What Gratitude is Not

empathy

The resilience that gratitude makes possible is important, not only so we can have the resources for weathering life’s storms, but so we have the inner resources to help others who are going through difficulties.

I’ve recently been posting a lot about gratitude and cognitive reframing. In this post I want to say a few words about what gratitude is not.

It’s important to emphasize that true gratitude is not a type of Pollyanna, everything-is-happy optimism. Sometimes in the self-help literature, people are encouraged to just assert they are happy even when they aren’t. There are some interesting studies showing that for certain types of people this false optimism not only doesn’t help, but actually makes them more miserable. So gratitude isn’t just gritting your teeth and saying things are fine when they aren’t.  True gratitude is the opposite of this since it involves acknowledging and accepting one’s sufferings, but then interpreting those sufferings in a spiritual way.

We can get so focused on not complaining – and that’s good, we shouldn’t complain – but there is a legitimate place for acknowledging what’s wrong especially when we’re confronted with evil. To accept our sufferings, and to reframe them in a spiritual way, presupposes we’ve first acknowledged that things are not what they ought to be. And for a lot of people, that is a big step. It’s easy, especially in our culture, to have a picture perfect idea of our life and to project that out to the world. Sometimes before we can get to the point of reframing we have to admit that things are a mess.

When Viktor Frankl told about the inhuman conditions of Auschwitz, he accurately identified the depths of evil to which man had stooped. Yet he was also able to put an accurate valuation on what is good in life, and in so doing he came to understand that what is good is larger and more lasting than what is evil. What we have to be grateful for is stronger than what we have to grumble about.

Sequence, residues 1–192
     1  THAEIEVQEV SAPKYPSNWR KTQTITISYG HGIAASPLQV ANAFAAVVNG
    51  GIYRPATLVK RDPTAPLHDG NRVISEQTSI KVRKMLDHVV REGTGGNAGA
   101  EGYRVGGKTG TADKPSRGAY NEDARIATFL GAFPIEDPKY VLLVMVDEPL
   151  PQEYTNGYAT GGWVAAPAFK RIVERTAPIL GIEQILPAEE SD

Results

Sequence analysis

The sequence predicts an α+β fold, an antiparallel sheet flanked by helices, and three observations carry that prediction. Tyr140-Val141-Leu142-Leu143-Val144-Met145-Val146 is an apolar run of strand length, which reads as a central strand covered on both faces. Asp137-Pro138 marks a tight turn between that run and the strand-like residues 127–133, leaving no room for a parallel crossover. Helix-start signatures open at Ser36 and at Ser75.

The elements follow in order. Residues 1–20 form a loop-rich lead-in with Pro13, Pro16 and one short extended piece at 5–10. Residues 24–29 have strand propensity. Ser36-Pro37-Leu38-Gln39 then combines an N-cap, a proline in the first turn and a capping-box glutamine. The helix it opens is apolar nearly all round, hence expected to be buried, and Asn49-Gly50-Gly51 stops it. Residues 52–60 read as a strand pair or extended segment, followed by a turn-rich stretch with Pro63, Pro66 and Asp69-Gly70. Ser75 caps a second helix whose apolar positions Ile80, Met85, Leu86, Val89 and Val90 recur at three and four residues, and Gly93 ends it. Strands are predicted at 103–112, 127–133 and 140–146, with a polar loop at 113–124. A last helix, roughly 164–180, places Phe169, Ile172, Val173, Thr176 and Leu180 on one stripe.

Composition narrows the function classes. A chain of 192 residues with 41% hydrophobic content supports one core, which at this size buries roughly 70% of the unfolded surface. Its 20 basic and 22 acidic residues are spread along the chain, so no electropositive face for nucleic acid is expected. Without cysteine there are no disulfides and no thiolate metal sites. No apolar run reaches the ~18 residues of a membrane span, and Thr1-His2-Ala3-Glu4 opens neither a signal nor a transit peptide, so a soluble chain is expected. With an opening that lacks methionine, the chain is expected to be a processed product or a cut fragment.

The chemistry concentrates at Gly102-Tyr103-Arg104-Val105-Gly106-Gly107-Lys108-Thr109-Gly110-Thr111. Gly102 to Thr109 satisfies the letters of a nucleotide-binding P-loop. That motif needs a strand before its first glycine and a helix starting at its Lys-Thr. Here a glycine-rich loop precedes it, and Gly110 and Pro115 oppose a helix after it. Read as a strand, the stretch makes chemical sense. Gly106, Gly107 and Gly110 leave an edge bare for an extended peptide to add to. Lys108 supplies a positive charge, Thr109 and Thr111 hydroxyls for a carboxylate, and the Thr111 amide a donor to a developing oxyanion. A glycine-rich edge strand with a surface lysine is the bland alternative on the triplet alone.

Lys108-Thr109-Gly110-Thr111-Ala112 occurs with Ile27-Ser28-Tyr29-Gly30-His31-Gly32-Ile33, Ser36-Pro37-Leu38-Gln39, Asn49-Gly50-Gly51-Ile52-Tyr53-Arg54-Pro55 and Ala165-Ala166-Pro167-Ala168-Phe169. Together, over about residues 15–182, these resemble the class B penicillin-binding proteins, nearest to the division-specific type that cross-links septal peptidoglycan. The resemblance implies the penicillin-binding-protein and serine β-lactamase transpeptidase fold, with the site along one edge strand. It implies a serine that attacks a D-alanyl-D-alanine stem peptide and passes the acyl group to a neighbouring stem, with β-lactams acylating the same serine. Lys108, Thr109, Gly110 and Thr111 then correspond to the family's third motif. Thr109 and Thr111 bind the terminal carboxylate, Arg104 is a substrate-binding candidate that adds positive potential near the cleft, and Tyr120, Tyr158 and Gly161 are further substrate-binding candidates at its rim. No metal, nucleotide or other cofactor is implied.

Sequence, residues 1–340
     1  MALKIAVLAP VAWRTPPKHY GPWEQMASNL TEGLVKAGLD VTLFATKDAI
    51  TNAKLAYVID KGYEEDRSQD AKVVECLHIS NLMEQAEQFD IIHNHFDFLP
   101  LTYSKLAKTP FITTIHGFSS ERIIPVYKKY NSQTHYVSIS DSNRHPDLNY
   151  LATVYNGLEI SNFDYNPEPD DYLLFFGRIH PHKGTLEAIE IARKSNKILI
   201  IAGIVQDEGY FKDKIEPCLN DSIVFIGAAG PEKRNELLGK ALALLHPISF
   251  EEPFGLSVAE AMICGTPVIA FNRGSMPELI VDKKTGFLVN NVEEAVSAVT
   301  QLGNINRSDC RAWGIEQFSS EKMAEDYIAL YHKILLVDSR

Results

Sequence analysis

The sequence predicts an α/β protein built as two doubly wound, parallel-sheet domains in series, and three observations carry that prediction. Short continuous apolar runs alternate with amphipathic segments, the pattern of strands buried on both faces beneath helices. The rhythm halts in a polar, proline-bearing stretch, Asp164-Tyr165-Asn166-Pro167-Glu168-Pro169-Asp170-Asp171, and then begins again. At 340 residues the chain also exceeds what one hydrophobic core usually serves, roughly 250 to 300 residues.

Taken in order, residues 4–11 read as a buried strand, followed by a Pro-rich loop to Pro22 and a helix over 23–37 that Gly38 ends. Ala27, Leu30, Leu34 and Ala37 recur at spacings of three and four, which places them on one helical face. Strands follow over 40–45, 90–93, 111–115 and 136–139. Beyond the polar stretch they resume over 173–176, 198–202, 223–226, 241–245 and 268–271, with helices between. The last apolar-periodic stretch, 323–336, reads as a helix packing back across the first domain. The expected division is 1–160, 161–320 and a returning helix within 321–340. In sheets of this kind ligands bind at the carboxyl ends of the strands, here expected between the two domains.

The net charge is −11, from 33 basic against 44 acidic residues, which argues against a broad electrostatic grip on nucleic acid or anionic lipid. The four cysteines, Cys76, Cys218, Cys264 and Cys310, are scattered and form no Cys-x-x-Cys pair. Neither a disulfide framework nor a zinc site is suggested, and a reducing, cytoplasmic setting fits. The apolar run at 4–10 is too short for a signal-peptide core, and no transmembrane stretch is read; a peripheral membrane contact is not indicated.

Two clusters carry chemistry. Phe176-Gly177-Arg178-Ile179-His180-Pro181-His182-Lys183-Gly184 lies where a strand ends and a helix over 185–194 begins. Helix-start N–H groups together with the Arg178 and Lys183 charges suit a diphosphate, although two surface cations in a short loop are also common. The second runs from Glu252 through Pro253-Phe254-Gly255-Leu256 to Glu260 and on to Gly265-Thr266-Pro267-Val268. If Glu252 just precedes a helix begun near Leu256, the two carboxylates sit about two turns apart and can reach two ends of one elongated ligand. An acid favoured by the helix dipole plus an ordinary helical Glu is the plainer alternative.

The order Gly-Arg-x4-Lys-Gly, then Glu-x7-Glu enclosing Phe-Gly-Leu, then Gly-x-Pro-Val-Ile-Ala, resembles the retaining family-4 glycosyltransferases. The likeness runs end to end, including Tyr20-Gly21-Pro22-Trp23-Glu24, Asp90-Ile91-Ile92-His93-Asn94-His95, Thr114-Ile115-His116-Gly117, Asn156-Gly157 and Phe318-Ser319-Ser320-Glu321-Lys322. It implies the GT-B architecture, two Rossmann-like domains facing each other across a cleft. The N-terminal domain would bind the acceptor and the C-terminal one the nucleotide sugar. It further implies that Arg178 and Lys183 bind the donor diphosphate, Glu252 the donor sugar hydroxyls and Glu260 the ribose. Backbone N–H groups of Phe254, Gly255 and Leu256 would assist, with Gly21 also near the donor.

So true gratitude is not merely compatible with an acknowledgement of pain; it presupposes it. To be truly grateful is to acknowledge that life is difficult while framing that difficulty within an overall positive context. When we do that, research shows that we actually become more resilient to what would otherwise be the debilitating effects of suffering.

The psychologist M. Scott Peck pointed out that sometimes this very act of accepting that life is difficult has the potential to ease our burden, for it enables us to rise above the circumstances that might otherwise overwhelm us. I’d like to share a passage from his famous book The Road Less Traveled, that emphasizes this:

“Life is difficult. This is a great truth, one of the greatest truths. It is a great truth because once we truly see this truth, we transcend it…. Because once it is accepted, the fact that life is difficult no longer matters.

“Most do not fully see this truth that life is difficult. Instead they moan more or less incessantly, noisily or subtly, about the enormity of their problems, their burdens, and their difficulties as if life were generally easy, as if life should be easy. They voice their belief, noisily or subtly, that their difficulties represent a unique kind of affliction that should not be and that has somehow been especially visited upon them…”

Here’s how this relates to gratitude. Only when we accept that life is difficult, only when we come to terms with the fact that we have no right to be comfortable, happy or prosperous, can we truly be grateful. For once we’ve accepted that life is difficult and suffering normal, only then can we begin to perceive any small amount of joy or comfort as pure gift, like the prisoners in Auschwitz were able to do when they saw a sunset.

On the other hand, when we do not accept that life is difficult, but approach life with a false optimism that can’t really come to grips with the reality of pain and complexity of the world, then it’s hard not to fall into the twin evils of sentimentalism or cynicism. Both sentimentalism and cynicism are rampant in our culture, and they especially permeate our visual arts.

Sentimentalism fails to confront the reality of pain in our world through an escapism in which everything becomes rosy. Sentimentalism numbs us to being able to feel suffering, vulnerability and pain. It presents an overly-simplistic view of the world that has no framework for understanding the darker and more complex side of life.

Cynicism, on the other hand, recognizes what is wrong but also has no framework for understanding it, no framework for being able to see purpose and meaning in what is happening. To the cynic, evil becomes a type of cruel joke. Instead of becoming numb to pain, cynicism looks evil in the eye and despairs.